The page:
There are 2 types of business stress.
Good business stress keeps you moving, inspires creativity and brings you that light-bulb moment in the middle of the night (or in the shower if you are like me). It’s the buzz of being so busy that you’re just teetering on the edge of controlled chaos, where you have so many great ideas and opportunities that your stress is about how to possibly implement them all.
And then there is bad business stress.
That feeling in your stomach where the stress wave washes over you and moves up into your throat. The heaviness on your shoulders, the fuzziness in your head, no ability to concentrate. This occurs when things are not going well over an extended period of time. Maybe trade is slow, cash flow non-existent, you need to deliver difficult news to an employee, or your expected busy season didn’t come.
I have experienced both types of stress in the past; thankfully these days it’s the good one I see more often.
Over time, I have spoken at length to others who have also experienced bad business stress. There are some common threads within these conversations.
1. You are not the only one. Yep, I get it. You feel embarrassed, a failure.
“That which doesn’t kill us makes us stronger.” – Friedrich Nietzsche
Guess what? That’s exactly how everyone in the same situation feels. It’s a bit like talking about depression or less than perfect parenting – you’re never sure when to talk about it – but when you do, suddenly you realise that either, you’re not the only one, or everybody knows somebody in a similar situation. Almost everyone in your business network will have a story of a tough time, so get talking. They may just have some terrific survival tips, and you will no longer feel alone.
2. Stress impairs your vision. Can’t see the forest for the trees?
“We see things not as they are, but as we are.” – H. M. Tomlinson
In this situation, it is very difficult to step back and see the big picture or to make educated, strategic decisions. Stress can often affect your memory and will emotionally drain you; leaving you looking only at the next day or week, not your overall outcome. Be aware of this, and in times of high stress, have someone who’s opinion you trust available to talk to. Let them lay it all out logically. Even if their best advice is not really the information you want to hear, you will feel better – I promise.
3. Passion is not a guarantee for easy business. It just helps a lots.
“If passion drives you, let reason hold the reins.” – Benjamin Franklin
Don’t let passion get in the way of logic. There are a lot of very passionate people who have had bad business experiences. From poor results to complete closure. We hear daily “the secret to success is passion”, well I don’t agree. Passion is just one part of the success recipe, mixed with ingredients like great support, solid market research, a great business plan, integrity and self belief. If you are very passionate about what you do and your business is still not performing, have a look at the other ingredients to see what’s missing.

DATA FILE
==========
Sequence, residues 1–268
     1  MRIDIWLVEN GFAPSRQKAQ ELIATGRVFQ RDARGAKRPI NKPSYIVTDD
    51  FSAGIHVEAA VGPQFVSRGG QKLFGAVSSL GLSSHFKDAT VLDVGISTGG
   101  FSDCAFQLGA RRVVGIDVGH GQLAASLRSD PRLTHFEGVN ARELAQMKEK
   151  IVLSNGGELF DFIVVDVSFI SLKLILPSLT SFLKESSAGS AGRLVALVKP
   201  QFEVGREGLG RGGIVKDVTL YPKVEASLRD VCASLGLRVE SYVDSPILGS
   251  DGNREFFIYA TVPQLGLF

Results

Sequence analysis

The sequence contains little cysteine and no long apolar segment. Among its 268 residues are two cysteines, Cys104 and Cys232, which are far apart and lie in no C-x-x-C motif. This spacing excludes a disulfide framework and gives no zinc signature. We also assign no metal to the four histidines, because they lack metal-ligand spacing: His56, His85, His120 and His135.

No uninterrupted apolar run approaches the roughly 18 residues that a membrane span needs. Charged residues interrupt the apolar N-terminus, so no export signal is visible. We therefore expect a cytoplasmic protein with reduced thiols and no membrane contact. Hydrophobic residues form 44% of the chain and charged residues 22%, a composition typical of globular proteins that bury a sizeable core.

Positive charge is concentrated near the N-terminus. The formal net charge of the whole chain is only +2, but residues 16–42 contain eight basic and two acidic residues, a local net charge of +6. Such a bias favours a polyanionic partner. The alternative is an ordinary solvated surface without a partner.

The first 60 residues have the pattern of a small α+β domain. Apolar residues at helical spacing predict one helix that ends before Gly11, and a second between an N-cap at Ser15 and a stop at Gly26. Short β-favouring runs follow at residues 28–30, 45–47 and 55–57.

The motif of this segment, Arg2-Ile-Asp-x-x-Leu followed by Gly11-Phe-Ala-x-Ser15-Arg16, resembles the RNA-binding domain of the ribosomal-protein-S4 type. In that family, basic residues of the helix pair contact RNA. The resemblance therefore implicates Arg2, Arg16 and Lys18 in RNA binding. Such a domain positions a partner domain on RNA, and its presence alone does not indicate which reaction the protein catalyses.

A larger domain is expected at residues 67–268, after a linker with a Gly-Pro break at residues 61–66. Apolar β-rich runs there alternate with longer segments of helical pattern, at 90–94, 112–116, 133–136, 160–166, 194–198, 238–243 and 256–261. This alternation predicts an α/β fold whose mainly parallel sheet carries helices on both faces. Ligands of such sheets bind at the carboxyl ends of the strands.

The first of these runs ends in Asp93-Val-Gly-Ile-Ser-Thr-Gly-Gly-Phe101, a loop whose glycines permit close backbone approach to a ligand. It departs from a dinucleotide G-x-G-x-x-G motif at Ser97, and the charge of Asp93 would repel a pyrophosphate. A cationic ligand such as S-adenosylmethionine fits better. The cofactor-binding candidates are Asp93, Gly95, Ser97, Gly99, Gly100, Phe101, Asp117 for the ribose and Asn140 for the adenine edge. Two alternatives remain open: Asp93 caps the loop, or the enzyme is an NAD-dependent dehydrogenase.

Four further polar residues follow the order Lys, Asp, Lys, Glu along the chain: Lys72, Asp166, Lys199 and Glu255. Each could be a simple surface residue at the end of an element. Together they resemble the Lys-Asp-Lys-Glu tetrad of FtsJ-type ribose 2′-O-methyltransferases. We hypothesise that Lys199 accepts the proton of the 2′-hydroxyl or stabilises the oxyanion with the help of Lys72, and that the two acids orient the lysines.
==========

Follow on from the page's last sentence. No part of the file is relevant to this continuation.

4. It won’t last forever. No really, it won’t.
“If you want to test your memory, try to recall what you were worrying about one year ago today.” – E. Joseph Cossman
When you are under an immense amount of business stress, a day feels like a week, a week feels like a month. This will pass. It may come when you finally replace the toxic employee who is bringing the team down, when you ride out that sales slump, or when you are able see what is just not working and begin to amend it. Even if you find yourself closing or selling your business, this is still closure to the end of this stress period. The emotional end does take a while to show its face, but it will, and you will start to regain clarity.
5. No one is talking about you. Well some are, but they’re the crappy ones.
“Great minds discuss ideas. Average minds discuss events. Small minds discuss people.” – Eleanor Roosevelt
The most common message I hear when discussing businesses that are not performing well, is “I bet everyone is talking about me/it/us” . Think about this – you are only an interesting conversation for a very brief period of time before being replaced by someone else. Surround yourself with positive people who have your best interests at heart. (I also use this as a positive business manifestation mantra – it works a treat for me).
6. Honesty and integrity IS the most important value. But you already know that right?
“What you do speaks so loudly that I cannot hear what you say.” – Ralph Waldo Emerson
In tough times, when everything around you feels like it’s gone to shit, make sure you can look in the mirror and know you are looking back at someone doing their best. Always know that regardless of your business outcome, you behave ethically and treat others with dignity and respect.
Tough Cookie Marketing provides marketing solutions to hospitality and service based businesses. Contact Kathie at email@example.com today for a chat about how Tough Cookie Marketing can help you to become a small business Superhero.
Visit Tough Cookie Marketing on Facebook: www.facebook.com/toughcookiemarketing